I'd worked with Ronnie before, when I wanted to form a real group I recalled an old friend Cozy Powell. I'd met him at a seance. Then still with Ronnie I looked for a bassist. I'd heard of Jimmy and knew he played at the Marquee. I took a plane from Hamburg to London, and was so impressed that I proposed we work together. Only Tony Carey remained, he's only been in the group 2 months. He was working in the studio's next to Zcppelin. I heard him and the next day he came to play with us - and it was done.
To return to these seances. Can you see a rapport with those and your work as a musician?
Without a doubt. On stage I'm somewhere else, the direct contact with the audience and the excitement take me very high, it's difficult to explain.
Why did you leave Deep Purple?
Because I was bored. I needed something to relaunch me. I felt the need to create new sounds. That's why Rainbow do no Deep Purple numbers. I realise that people come to see us and hear Smoke On The Water but that would be too easy and boring. In fact I almost left Purple before, when Gillan and Glover left the group which could go no further. They had launched it and I believe that if they hadn't left it would have been for me to say goodbye to everyone. It was a period of crisis for Purple.
What do you think of Coverdale as a singer?
He is a good singer, but he lacks confidence, that will come. That doesn't stop Burn from being excellent. I regret Stormbringer a bit, Purple's least good album. OK but no more.
Which was Purple's best album then?
Machine Head without a doubt, it was a superb work.
How are your relations with them now?
My departure was a blow, but we remain good friends. I'm happy for them with Come Taste The Band. Bolin surprised me, he is very good.
Which were Purple's best concerts?
Contrary to people's beliefs the most famous concerts like the California Jam and Japan were not the best. California was well known because I broke a guitar, as for the Japanese concerts they were very odd. The audience only applauded at the end of the concert. On the first tour we wondered what had happened - a dead silence. We left the hall disgusted and went to the hotel where we learnt that people had begun to riot because we didn't return.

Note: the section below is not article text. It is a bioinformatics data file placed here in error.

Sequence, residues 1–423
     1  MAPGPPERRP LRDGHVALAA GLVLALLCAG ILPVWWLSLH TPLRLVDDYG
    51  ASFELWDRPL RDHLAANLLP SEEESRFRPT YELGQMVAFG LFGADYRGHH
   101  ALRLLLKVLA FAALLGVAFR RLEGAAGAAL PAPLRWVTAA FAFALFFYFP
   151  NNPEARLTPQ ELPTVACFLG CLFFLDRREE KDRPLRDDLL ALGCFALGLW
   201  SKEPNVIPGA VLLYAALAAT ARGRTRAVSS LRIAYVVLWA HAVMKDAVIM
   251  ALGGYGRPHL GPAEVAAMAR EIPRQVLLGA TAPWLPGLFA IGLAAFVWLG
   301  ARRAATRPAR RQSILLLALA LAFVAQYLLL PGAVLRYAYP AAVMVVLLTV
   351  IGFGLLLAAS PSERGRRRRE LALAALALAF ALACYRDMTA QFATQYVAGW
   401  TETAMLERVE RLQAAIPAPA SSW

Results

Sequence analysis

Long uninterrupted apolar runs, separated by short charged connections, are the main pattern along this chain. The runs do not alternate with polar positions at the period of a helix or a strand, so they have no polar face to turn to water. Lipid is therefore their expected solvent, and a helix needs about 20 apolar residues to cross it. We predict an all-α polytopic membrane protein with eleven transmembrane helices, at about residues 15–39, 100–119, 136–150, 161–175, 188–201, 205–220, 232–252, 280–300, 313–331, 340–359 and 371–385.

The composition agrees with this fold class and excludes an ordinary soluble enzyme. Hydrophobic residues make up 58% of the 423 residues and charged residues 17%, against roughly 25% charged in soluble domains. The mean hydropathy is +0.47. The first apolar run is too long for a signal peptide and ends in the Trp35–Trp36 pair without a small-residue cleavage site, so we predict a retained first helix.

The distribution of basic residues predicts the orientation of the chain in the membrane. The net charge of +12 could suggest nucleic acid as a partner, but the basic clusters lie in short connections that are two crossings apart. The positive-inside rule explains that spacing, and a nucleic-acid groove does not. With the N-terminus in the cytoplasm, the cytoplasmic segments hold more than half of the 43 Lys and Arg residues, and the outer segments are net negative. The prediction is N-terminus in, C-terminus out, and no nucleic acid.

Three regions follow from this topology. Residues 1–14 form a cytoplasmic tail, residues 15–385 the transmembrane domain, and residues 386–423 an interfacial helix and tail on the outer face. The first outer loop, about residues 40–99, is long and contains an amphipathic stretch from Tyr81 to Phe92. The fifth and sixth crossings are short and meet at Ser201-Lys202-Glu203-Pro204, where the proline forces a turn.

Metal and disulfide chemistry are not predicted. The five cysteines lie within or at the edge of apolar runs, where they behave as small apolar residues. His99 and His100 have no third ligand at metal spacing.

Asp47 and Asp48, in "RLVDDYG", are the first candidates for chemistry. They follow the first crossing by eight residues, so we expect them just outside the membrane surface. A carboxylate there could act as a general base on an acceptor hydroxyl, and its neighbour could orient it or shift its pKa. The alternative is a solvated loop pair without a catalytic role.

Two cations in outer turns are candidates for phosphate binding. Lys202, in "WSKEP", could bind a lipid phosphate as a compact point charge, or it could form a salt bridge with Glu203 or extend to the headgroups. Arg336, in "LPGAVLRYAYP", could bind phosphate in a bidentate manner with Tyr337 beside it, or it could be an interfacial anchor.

Your last Purple concert was in Paris, have you a good memory of it?
The only agreeable thing I recall was meeting an old girl friend.
You've been influenced by sixteenth century music haven't you?
It's the contact with Ronnie, although I've always loved the music-German baroque style and Bach. Rainbow tries to interperet this in it's way and will go yet further on the next album.
[Dio]: I must say that the credit goes to Ritchie, he plays more than 25 tunes and chords, it's an orchestral scare on a guitar.
Do you like Jon Lord's classical works?
I cannot say, I played on the Gemini Suite and at the Royal Albert Hall concert. I played that's all.
You are very attached to Germany, is it because you lived there before working with Deep Purple?
I was living in Germany a long time ago, I have many friends there and I like to record there because the studio's are excellent. Tne German audience is very critical, and concerts there are difficult tests to pass.
Before Purple when you were in Hamburg where did you play?
A little everywhere, but mostly the Star Club accompanying everyone for a short while. I had the chance to play with Jerry Lee Lewis. It was very interesting.
Going further into the past what do you think of your work with Lord Sutch?
That was unbelievable. He's disappeared from circulation now and spends his time in Los Angeles Bars. He was the first to have hair to his shoulders, each concert was an adventure. He taught me to move on stage, how to express myself and give my music to the audience. It was quite an experience.
Who are your favourite guitarists?
Do you want a funny reply?
(with a very serious face) Jimmy Page or better still BB King.
Ritchie then decided that the interview was over, he chatted with his friends and no longer listened to me. I turned to Dio, a very open character. When I left Ritchie said 'see you guys in Paris'.
Pop, France 1976